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all-forgetting-is-retrieval was commissioned by the TACETi Ensemble for the 2019 Thailand New Music and Arts Symposium at the Bangkok Art and Culture Centre (BACC) in Bangkok. This work explores the formation of human memory, retrieval, and failure, drawing from two sources. The first was a passage titled “Myth of Permanent Memory” from Richard A. Chechile’s book Analyzing Memory: The Formation, Retention, and Measurement of Memory: “There is a common belief that forgetting is strictly due to a retrieval failure. It is curious why this idea of a permanent memory is so appealing...the storage of information is not perfect. Storage as well as retrieval is subject to failure. Thus, the hypothesis that all-forgetting-is-retrieval is incorrect. For information in this state of permanent [long-term] memory, all subsequent forgetting is assumed to be caused by a retrieval failure. Yet...there is no known biological mechanism to stop the adaptive changes in memory from continuing and thereby possibly destroying the prior learning record. If the learning environment changes, the same adaptive mechanisms that created the memory in the first place will continue to rearrange the structure of memory and potentially destroy the former memory representation.”
The second source is dialogue from a 1978 ephemeral film, Human Memory, by Harcourt Brace Jovanovich, used as sonic material for the electronics throughout the work, written for eight musicians including a conductor and percussionist who have been augmented by contact microphones and wearable electronics to trigger and govern the behavior of temporal events and media, manipulated through the use of wrist-worn sensors and gestural tracking mapped onto discrete musical parameters. The title is both perplexing and quickly disproven in the above passage, reflecting the strange and unfamiliar space that, for me, the piece inhabits, with “failures” both large and small. Artistically, my apprehension toward falling into familiar patterns and relying on my past compositional work shares a similar cognitive and emotional space as “lost” experiences—the inability to be truly present in a moment, or failure to commit to memory experiences that are simultaneously both formative and fleeting. The rapid loss of their fidelity is staggering, and this work attempts to confront that impermanence and decay. To reflect this, I was interested in both paraphrasing and sampling elements of my past work, alongside the recontextualization of “found” media and sonic material deeply familiar to me. How can we be certain of things we have experienced, and that the events that took place were not, in fact, radically different than what we remember? These inaccuracies and discrepancies that form over time through internal repetition, how information storage and retrieval may be influenced by context, and what kind of experience might interrupt a memory from being formed, are explored.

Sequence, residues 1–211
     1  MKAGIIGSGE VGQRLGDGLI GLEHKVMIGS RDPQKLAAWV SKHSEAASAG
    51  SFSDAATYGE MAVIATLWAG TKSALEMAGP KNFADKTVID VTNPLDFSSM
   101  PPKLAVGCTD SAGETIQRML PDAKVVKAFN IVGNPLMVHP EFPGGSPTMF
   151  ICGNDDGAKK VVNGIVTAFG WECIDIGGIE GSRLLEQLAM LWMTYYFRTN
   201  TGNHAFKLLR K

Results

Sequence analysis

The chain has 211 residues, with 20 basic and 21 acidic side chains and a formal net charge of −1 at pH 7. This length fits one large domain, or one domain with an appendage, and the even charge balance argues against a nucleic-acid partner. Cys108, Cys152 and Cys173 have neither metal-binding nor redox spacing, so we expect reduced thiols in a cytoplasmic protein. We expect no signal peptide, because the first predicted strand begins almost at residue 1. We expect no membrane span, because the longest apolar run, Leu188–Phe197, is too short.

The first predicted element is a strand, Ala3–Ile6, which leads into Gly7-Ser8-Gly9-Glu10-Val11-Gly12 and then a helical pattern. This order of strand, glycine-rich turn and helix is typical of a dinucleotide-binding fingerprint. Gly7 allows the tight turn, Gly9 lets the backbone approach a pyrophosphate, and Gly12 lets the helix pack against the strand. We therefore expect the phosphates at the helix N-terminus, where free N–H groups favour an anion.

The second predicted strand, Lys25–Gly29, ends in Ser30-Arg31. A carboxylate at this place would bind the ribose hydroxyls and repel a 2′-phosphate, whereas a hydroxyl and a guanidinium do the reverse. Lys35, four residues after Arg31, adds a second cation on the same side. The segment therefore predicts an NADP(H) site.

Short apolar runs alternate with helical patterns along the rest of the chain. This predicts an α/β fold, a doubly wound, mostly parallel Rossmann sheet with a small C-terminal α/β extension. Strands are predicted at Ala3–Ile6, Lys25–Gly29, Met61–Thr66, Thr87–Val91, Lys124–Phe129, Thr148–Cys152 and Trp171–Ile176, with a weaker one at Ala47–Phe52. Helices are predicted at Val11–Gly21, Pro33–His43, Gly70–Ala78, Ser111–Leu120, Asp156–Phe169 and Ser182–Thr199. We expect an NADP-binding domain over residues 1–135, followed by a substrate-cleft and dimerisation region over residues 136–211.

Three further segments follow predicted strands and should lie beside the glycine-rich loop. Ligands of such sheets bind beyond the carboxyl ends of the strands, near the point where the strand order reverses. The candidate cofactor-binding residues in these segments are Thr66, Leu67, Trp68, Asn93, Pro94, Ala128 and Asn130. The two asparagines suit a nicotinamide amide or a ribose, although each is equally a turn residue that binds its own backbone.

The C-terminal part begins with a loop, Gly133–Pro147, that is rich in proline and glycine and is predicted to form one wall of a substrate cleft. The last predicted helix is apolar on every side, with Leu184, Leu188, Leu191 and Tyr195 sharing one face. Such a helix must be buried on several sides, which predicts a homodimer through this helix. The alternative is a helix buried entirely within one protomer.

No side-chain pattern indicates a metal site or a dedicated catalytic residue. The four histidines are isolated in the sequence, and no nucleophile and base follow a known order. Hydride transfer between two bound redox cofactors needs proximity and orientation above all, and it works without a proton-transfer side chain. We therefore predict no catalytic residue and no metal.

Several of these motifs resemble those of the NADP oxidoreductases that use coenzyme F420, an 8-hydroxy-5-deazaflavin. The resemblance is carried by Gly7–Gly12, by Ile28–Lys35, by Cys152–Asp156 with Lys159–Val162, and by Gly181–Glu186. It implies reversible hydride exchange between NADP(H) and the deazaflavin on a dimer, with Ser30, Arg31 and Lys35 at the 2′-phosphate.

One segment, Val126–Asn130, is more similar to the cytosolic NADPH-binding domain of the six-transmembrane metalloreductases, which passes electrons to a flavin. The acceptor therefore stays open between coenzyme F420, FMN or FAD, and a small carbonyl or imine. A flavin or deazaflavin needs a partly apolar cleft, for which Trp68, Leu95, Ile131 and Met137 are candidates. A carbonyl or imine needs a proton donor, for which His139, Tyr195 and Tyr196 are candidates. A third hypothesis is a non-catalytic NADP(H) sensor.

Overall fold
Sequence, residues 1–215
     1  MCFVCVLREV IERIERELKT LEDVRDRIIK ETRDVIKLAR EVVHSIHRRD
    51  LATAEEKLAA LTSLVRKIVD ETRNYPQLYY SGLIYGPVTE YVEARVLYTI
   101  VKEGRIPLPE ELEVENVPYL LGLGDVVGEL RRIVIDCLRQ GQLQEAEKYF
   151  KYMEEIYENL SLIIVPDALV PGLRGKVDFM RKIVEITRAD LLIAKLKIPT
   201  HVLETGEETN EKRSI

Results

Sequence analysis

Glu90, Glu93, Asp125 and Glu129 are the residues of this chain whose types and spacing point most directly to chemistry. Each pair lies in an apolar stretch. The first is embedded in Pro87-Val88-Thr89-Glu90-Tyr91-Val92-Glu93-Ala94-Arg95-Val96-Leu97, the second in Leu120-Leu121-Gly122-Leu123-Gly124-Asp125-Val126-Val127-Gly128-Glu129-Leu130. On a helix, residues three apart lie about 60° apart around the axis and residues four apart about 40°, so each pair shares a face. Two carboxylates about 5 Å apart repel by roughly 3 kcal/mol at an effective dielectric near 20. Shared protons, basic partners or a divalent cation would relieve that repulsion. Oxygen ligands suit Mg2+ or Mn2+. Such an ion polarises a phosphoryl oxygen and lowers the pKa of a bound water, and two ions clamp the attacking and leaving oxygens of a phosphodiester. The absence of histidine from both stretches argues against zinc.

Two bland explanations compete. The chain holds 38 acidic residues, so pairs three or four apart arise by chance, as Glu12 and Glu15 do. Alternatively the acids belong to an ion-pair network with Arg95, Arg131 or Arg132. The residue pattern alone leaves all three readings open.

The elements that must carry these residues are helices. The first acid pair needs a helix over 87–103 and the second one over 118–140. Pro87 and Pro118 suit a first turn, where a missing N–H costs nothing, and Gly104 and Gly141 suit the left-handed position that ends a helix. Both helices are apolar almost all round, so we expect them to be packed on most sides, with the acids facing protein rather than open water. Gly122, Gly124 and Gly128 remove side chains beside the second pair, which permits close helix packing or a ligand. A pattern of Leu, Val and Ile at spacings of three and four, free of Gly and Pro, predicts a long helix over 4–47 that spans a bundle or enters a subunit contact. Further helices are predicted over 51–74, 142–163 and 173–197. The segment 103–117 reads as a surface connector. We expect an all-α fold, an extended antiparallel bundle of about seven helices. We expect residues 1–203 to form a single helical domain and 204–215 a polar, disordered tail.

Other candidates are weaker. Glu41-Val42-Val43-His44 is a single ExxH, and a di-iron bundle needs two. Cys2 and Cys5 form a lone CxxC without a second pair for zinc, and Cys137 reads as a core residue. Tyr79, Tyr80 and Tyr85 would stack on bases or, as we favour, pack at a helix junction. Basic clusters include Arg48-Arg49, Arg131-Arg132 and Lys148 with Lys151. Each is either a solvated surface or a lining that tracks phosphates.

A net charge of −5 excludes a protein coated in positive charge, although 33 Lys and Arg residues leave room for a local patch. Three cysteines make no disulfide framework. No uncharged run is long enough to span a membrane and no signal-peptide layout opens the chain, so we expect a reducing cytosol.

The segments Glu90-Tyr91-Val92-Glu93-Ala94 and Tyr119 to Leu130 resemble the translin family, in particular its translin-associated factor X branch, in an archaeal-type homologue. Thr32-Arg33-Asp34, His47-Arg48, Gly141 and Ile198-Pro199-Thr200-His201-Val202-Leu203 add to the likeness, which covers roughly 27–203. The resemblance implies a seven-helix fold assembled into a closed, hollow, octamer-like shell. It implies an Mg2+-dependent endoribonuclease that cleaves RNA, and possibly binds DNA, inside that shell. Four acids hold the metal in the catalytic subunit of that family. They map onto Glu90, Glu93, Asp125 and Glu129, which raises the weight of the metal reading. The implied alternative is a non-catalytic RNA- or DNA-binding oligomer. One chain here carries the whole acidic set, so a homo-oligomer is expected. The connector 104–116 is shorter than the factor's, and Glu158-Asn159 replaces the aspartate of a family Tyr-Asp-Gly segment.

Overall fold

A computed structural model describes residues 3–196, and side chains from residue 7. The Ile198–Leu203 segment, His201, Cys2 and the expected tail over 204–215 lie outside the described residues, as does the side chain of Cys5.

“The subject of our film is memory. Imagine what your mental life would be like if you had no memory at all.” A man, facing away from the camera, is introduced as “Mr. M.” to Dr. Christopher Ryan and Kathy Montgomery. He claims to recall encountering them before. Immediately following their introductions, Mr. M is asked if he remembers this gentleman’s name, to which he responds “Yes I do.” “What’s his name”…[a long silence]… “No I don’t.” The film’s narrator explains “this patient has suffered brain damage which destroyed his memory. Notice how he fails even the simplest memory test.” He is encouraged to practice reciting their names. The narrator elaborates that “such amnesiacs provide us with a dramatic illustration of the role that memory plays in keeping us in touch with the changing world around us. You might think of your short-term memory as a workbench or countertop onto which you place a box corresponding to each chunk as you attend to it. There’s only a limited amount of space on the counter, so eventually adding a new chunk onto the counter causes some other ones to fall off…”
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